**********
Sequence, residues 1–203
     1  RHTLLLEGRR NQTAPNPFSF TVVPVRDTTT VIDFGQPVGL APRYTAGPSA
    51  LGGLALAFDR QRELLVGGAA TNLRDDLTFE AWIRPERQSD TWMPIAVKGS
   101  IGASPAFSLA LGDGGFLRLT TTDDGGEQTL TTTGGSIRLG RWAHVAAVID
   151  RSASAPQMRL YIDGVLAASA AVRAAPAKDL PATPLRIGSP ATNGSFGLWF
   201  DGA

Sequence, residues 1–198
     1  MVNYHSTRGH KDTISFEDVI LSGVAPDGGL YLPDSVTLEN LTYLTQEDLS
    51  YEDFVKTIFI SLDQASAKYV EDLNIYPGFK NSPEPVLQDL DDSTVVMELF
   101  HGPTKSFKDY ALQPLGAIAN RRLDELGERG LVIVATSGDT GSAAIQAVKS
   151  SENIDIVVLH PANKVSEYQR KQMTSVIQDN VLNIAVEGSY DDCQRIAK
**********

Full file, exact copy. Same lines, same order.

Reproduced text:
Sequence, residues 1–203
     1  RHTLLLEGRR NQTAPNPFSF TVVPVRDTTT VIDFGQPVGL APRYTAGPSA
    51  LGGLALAFDR QRELLVGGAA TNLRDDLTFE AWIRPERQSD TWMPIAVKGS
   101  IGASPAFSLA LGDGGFLRLT TTDDGGEQTL TTTGGSIRLG RWAHVAAVID
   151  RSASAPQMRL YIDGVLAASA AVRAAPAKDL PATPLRIGSP ATNGSFGLWF
   201  DGA

Sequence, residues 1–198
     1  MVNYHSTRGH KDTISFEDVI LSGVAPDGGL YLPDSVTLEN LTYLTQEDLS
    51  YEDFVKTIFI SLDQASAKYV EDLNIYPGFK NSPEPVLQDL DDSTVVMELF
   101  HGPTKSFKDY ALQPLGAIAN RRLDELGERG LVIVATSGDT GSAAIQAVKS
   151  SENIDIVVLH PANKVSEYQR KQMTSVIQDN VLNIAVEGSY DDCQRIAK